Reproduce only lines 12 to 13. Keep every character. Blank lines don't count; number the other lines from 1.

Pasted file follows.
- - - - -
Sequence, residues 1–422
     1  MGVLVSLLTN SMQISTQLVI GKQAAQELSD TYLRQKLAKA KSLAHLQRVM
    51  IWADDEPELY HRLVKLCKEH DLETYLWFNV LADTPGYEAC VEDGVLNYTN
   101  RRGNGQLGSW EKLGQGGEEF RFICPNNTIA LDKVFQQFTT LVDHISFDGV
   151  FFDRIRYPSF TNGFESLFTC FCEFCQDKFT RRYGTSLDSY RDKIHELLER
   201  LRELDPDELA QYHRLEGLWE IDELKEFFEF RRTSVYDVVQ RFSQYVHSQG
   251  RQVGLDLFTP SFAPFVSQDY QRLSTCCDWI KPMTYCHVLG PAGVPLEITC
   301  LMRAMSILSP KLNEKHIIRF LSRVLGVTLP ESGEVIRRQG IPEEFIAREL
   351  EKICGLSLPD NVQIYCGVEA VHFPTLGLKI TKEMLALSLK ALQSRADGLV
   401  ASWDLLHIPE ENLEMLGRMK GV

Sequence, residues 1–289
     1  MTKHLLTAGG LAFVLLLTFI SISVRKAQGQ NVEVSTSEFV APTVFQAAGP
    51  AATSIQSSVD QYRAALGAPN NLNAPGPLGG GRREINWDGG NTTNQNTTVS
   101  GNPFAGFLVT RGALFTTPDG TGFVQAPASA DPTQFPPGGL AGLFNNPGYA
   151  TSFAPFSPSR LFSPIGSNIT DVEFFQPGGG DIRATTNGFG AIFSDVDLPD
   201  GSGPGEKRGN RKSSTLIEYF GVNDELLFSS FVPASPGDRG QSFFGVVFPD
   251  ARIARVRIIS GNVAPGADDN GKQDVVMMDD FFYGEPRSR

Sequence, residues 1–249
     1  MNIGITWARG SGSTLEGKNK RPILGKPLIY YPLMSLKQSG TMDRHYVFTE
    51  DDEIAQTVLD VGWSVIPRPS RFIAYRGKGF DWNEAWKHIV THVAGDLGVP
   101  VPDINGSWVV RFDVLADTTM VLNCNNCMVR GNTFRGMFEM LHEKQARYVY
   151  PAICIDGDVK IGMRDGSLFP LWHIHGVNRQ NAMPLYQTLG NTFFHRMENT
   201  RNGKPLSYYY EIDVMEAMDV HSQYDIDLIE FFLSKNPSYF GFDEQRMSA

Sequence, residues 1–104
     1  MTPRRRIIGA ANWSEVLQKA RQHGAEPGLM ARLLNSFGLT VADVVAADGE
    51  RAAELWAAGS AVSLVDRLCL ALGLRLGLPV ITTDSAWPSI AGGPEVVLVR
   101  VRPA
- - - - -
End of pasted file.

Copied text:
     1  MTKHLLTAGG LAFVLLLTFI SISVRKAQGQ NVEVSTSEFV APTVFQAAGP
    51  AATSIQSSVD QYRAALGAPN NLNAPGPLGG GRREINWDGG NTTNQNTTVS